In absolute numbers, this is true, but remember that America’s population is also far bigger than it has ever been. As a share of the total population, we actually have LESS foreign-born people today than in 1910. In 1910, according to the US Census, 15 percent of all Americans were born in another country. In 2002, only 11.5 percent of Americans were born abroad.

    5. *Earlier immigrants “blended in”, today’s immigrants “stick together”*
    This claim assumes without historical evidence that earlier waves of immigrants somehow became “Americans” overnight. In fact, Census data shows that most first-generation immigrants lived in ethnic communities and did not speak English. One could walk down many streets in New York in 1910 and rarely hear English spoken. “Full” assimilation is usually not complete until the third generation, and this trend has been consistent throughout history.

    6. *The definition of what a “white American” is has always been the same*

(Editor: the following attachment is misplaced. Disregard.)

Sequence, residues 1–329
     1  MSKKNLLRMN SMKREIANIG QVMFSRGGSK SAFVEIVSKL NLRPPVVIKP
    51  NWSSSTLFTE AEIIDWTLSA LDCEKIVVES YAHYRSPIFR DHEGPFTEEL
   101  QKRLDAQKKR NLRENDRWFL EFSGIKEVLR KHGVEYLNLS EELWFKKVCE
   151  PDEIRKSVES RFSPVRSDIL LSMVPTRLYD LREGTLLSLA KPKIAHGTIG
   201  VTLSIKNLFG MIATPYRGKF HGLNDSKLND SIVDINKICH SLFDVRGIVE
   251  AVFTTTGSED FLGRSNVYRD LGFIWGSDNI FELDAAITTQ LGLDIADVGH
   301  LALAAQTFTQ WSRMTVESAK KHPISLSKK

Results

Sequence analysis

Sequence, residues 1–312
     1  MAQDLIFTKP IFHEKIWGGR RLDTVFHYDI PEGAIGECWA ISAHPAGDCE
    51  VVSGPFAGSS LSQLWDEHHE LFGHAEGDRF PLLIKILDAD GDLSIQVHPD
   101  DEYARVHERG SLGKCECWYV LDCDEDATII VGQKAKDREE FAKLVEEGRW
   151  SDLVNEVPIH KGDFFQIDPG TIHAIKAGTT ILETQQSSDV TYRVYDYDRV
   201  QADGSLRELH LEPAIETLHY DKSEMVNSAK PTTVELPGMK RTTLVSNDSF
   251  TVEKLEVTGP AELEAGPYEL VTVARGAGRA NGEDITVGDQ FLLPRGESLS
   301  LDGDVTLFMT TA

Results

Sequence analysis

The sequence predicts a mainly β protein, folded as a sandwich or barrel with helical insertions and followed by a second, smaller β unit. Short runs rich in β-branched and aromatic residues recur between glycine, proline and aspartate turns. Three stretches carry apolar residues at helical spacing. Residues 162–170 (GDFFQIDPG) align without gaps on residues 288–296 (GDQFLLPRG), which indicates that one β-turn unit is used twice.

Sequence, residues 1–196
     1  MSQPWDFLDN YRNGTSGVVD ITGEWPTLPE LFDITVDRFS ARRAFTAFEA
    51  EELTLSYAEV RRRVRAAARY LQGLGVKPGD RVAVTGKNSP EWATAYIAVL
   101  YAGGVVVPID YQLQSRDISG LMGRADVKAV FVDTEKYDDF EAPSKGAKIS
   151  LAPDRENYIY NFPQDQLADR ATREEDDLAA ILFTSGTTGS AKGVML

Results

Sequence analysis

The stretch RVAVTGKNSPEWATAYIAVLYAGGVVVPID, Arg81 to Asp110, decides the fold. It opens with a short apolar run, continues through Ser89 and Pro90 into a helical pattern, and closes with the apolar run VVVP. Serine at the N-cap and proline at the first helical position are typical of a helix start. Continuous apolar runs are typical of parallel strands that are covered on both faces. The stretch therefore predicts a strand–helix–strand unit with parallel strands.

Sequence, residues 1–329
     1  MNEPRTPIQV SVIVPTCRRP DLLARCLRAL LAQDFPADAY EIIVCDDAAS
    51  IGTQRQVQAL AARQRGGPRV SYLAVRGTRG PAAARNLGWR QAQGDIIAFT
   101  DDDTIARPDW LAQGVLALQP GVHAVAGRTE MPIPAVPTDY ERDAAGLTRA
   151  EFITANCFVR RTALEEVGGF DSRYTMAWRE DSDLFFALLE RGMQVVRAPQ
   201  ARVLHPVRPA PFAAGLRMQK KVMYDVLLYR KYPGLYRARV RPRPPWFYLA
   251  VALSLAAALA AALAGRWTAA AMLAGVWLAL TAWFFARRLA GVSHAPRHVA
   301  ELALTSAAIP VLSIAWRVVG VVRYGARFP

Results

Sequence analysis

The term “white” is a new concept, having been invented in the late 20th Century. Groups like Italians and the Irish were considered separate “races” for most of American history, and suffered great discrimination for being Catholics, as well as being stereotyped as “dirty”, “poor”, “uneducated”, “criminal”, etc. In fact, because they were seen as a threat, Irish/Italians were generally not allowed to immigrate into the US for the first hundred years of its existence.

    7. *Most immigrants try to move to democratic, developed countries like the US*
    A Deutsche Bank study found that “most international migrants stay within the same geographic region and migrate to neighboring countries . . . the ratio of foreigners to nationals is in many cases much lower [in the developed world] than in many countries of the second and third world.” In fact, Deutsche Bank found that none of the five countries with the highest percentage of migrants in the total population (the United Arab Emirates, Kuwait, Jordan, Israel, and Singapore) were in North America or Europe. Similarly, none of the three countries (Pakistan, Syria and Iran) who host the most refugees are democratic or wealthy.